The Sickly Writer

I’ll admit that the holidays stress me out. For a migraineur like myself, this added stress (as opposed to run-of-the-mill stress) brings on the headaches. Mine are weird–they start in the middle of the night, but when they occur I struggle to write, edit or even read. What can writers do to keep themselves healthy and writing during these dark winter H1n1 days?
Writing Tip For Today:

  • The first thing everyone recommends is don’t get sick in the first place. Writers are dedicated, but we need not stoke the stereotype of the hard drinking, cigarette-puffing isolationist (as if–I’m more of the Diet Dr. Pepper-swilling writer, and with 5 cats you’re never alone, right?). It’s possible to take a break from that keyboard and stretch or even exercise. Switch from coffee to tea if you can stand it. I’ve made a rule that my office area is a potato-chip-free zone–only fruits and veggies get in here. Seriously, cough into your elbow, keep those fingers away from your face and use sanitizer. If you have small children, better luck next year.
  • If you catch the 24 hour virus-du-jour, realize that your writing might not be at its best for a few days. Write anyway, at least try to. It may all need to be deleted later, and that’s OK. If you can jog with a cold you can write with one, that is until you get the chills or you run out of tissues. Then, take a nap, do some light editing or organize your files until you feel better.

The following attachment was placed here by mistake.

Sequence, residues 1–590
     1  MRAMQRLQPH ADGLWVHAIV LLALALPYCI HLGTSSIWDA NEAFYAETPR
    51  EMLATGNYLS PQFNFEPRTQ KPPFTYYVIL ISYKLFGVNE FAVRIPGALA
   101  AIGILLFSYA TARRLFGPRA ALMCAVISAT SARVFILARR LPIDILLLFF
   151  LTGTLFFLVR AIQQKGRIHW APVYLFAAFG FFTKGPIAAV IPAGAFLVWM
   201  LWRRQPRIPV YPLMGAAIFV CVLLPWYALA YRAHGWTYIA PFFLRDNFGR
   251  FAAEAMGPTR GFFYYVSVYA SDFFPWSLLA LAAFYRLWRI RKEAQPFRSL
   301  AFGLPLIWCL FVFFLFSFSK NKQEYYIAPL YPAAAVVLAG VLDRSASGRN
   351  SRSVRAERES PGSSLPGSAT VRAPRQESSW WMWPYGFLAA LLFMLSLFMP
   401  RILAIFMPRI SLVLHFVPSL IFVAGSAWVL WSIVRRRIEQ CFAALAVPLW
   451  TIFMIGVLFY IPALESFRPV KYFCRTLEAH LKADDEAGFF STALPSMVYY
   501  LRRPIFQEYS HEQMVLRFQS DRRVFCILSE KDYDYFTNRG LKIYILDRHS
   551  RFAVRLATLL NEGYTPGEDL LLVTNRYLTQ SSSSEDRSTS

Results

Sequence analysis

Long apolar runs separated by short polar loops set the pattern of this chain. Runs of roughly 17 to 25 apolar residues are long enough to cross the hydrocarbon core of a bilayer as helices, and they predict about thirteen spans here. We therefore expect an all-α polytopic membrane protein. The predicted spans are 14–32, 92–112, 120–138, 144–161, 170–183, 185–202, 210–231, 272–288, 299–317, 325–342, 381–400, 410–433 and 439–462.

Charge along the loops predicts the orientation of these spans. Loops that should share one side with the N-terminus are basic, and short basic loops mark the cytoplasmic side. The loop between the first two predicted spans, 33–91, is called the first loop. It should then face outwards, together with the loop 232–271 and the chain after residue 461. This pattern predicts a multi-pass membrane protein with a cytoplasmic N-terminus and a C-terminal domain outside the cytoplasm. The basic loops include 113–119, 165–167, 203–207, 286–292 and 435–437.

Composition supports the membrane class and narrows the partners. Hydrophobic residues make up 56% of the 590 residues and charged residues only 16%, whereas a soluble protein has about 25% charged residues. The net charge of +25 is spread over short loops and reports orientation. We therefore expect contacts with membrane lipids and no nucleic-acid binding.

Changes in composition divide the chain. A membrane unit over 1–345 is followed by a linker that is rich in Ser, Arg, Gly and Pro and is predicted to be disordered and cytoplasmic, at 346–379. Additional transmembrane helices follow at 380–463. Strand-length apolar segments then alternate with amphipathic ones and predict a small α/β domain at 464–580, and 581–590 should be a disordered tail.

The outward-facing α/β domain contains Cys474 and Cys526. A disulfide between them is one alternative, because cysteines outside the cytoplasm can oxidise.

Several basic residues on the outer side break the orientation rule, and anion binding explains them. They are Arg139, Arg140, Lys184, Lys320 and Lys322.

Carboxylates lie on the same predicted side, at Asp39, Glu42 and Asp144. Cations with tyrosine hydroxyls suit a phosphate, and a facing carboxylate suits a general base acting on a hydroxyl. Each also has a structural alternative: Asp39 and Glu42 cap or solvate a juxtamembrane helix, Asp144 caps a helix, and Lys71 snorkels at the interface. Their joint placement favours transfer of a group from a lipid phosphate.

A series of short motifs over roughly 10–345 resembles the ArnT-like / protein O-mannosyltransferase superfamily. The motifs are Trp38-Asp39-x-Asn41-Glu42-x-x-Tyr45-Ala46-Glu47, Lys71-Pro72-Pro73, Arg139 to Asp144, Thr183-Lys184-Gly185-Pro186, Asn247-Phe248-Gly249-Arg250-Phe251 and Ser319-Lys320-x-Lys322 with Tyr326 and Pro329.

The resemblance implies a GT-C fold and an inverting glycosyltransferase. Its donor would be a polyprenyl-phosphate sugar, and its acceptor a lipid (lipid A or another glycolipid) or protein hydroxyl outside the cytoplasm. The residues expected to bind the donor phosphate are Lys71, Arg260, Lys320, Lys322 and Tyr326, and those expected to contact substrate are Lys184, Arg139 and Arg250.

• And if all else fails, write down the feelings of your terrible cold. Spare us the details of your “ins” and “outs,” but be creative in describing how awful you feel. The next sickly character you write might not need to reach for the cliche, “She was sick as a dog.” I am though, and thank goodness for migraine meds. I’m going to take that nap.

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About Linda S. Clare

I'm an author, speaker, writing coach and mentor. I teach both fiction and nonfiction writing at Lane Community College and in the doctoral program as expert writing advisor for George Fox University. I love helping writers improve their craft and I'm both an avid reader and writer of stories about those with wounded hearts.

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